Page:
Wednesday, June 29, 2011

To know us is to love us : living beyond our labels

On June 24th, New York became the 6th state to legalize gay marriage. I've read quite a few blogs and articles on the matter over the last week but one stood out to me because of the universal truth it conveyed. Namely, that knowing someone or getting to know someone messes up all your preconceived notions, your ideas on what they are actually about.

One of my best friends is gay. I've known him since high school when my group of friends and I took him under our wing. He was about as nerdy as you could get- he probably wore his choir t-shirt three times a week, he had chubby cheeks, he was top of his class and the most hideous sandals you can imagine. (He also was fluent in Elvish. Yes, from Lord of the Rings) This kid was a major brown-noser and tattle tale.  But if he loved you, you knew about it. And despite all I just described to you, he was pretty lovable too. We adopted him, roughed him up a bit, and finally forced him to have some fun.

Towards the end of high school rumors started to swirl about our friend and his sexuality. He denied them all vehemently, and even though I had suspicions of my own, I chose to believe him and defended his story to every one of the rumors I heard. By the time I had been out of high school for about three years though, it was getting harder and harder to believe he was telling the truth. Another close friend and I prepared to confront him about it. The three of us were pretty close, so what it came down to was us basically forcing him out of the closet. We even read him a list of all the reasons we thought he was gay. Haha, in hindsight, probably not the most effective/sensitive method, but it worked. He admitted that he was gay and confessed that even though we were his best friends, we were pretty much the last to know besides his family due to the fact that we were Christians. We had such a good talk and re-affirmed how much we loved him and that we would be there for him as he struggled to figure out what this meant in regards to his relationship with the Lord.

The reason I tell you this story is to bring home the truth that we are relational beings. When we love someone, our hearts get tied to their hearts. Issues like homosexuality aren't so black and white anymore. We live in a world filled with labels: gay, straight, Christian, atheist, refugee, terrorist, fat, skinny, prostitute, prude. We have all been labelled and all of us label other people. Labeling makes it easier for us to get on with our own lives. It condenses people down to one word and allows us fit them neatly in a compartment that we don't have to interact with much. But sooner or later, life happens and we meet these labels, really meet them, get to know them, and eventually love them. The label becomes human.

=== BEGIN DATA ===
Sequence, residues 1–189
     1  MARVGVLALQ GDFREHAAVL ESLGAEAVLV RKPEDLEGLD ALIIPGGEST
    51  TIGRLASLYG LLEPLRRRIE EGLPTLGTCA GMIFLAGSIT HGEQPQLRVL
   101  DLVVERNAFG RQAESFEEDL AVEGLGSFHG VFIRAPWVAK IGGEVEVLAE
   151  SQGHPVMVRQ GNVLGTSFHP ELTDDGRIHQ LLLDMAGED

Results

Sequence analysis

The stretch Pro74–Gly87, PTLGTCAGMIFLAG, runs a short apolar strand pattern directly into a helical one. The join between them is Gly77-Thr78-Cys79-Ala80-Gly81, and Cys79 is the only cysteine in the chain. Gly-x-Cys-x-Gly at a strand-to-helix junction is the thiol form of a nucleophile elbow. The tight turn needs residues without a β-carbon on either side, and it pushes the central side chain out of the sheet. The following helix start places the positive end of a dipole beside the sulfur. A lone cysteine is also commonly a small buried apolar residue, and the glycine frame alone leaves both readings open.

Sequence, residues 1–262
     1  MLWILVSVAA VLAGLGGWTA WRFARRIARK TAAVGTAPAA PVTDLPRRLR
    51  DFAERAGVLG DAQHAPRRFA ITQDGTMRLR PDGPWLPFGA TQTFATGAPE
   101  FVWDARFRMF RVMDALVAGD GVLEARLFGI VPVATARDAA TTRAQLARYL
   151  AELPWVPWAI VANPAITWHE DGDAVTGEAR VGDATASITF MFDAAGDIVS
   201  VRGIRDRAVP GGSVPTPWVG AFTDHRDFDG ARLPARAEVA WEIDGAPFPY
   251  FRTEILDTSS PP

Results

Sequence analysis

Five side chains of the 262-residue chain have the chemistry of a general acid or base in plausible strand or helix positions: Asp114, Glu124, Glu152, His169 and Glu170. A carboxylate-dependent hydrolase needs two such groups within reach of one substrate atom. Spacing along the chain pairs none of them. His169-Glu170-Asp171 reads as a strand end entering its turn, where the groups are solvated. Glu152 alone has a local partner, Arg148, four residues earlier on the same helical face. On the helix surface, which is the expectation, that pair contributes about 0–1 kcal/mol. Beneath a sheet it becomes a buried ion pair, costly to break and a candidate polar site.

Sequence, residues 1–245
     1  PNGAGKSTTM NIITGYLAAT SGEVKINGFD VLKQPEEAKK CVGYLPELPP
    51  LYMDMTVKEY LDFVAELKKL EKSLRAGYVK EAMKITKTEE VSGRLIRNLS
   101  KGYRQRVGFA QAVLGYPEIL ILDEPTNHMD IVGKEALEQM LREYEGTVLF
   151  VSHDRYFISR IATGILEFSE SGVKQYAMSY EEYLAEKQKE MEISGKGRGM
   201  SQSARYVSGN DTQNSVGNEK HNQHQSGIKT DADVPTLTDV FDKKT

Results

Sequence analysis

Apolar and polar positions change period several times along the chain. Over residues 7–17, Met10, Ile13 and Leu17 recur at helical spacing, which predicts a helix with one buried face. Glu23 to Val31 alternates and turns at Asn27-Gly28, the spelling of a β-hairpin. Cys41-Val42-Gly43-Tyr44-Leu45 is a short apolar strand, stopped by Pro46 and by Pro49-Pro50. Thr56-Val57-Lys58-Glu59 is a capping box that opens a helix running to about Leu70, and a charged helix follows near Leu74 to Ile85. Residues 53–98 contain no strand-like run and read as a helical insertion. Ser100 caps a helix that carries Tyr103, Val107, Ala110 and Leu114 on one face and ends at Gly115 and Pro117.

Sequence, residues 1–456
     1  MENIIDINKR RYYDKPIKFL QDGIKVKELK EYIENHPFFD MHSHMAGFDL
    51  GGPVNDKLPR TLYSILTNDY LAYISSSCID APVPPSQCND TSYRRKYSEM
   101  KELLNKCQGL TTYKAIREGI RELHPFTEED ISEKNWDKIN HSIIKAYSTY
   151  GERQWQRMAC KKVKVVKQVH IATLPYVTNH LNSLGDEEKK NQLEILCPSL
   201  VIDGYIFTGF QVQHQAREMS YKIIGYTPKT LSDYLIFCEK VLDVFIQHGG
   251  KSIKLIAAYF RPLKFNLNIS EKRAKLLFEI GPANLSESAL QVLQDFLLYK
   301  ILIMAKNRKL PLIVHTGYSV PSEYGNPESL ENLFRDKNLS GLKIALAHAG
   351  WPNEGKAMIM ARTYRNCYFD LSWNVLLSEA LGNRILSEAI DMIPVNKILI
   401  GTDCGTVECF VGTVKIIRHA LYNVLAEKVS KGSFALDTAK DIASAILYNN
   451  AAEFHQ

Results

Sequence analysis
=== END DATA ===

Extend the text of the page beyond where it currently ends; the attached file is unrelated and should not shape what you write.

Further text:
Jesus' life and ministry consisted of His encounters with labels. The tax collector, the leper, the woman at the well, the woman caught in adultery- all of them became individuals in His eyes. Knowing someone as an individual doesn't automatically mean you want all the same things they want, it doesn't mean you agree on everything, but it does almost force you to consider what it's like to walk in their shoes. A while back I was having one my deep conversations with my Dad that happen almost every time we're together. My Dad knows how much I wrestle with the idea of hell and whether it exists in the traditional understanding. At one point in the conversation he asked me, "Do you think one of the reasons you struggle so much with this issue is because you spend so much time with friends who aren't Christians?" My answer was, "That's exactly why I struggle with it so much." To know someone is to acknowledge their humanity, to acknowledge that we're all just trying to make sense of this life. Jesus knew that and He saw past the label, into the heart.


  1. I feel the same way, but I also have kind of a different take on it. The fact that we are relational beings makes me wonder if my own views are only products of my relationships. If I had different friends or different circumstances, I'm not sure I would believe what I believe. It makes it really hard because I can't even know that my own views are true.

  2. Hi Charissa- found you via Rachel's blog. I have struggled with many of the same areas as you mentioned in your post. I had a friend in high school who was gay but stated he had changed after becoming a christian. I later learned he only told me that because he was afraid i wouldn't accept him if he told me he still was gay. I was able to tell him I would accept him and love him regardless.

    I also wonder about hell and its meaning. If it were as we traditionally understand it to be, why no mention of it in the OT??? Sheol is mentioned, but NOT hell. Also, why does Paul not talk about it, since he wrote the majority of the NT??? God defining Himself as Love also gives me pause as to Him eternally tormenting or annihilating people He created. I really like your blog Charissa!!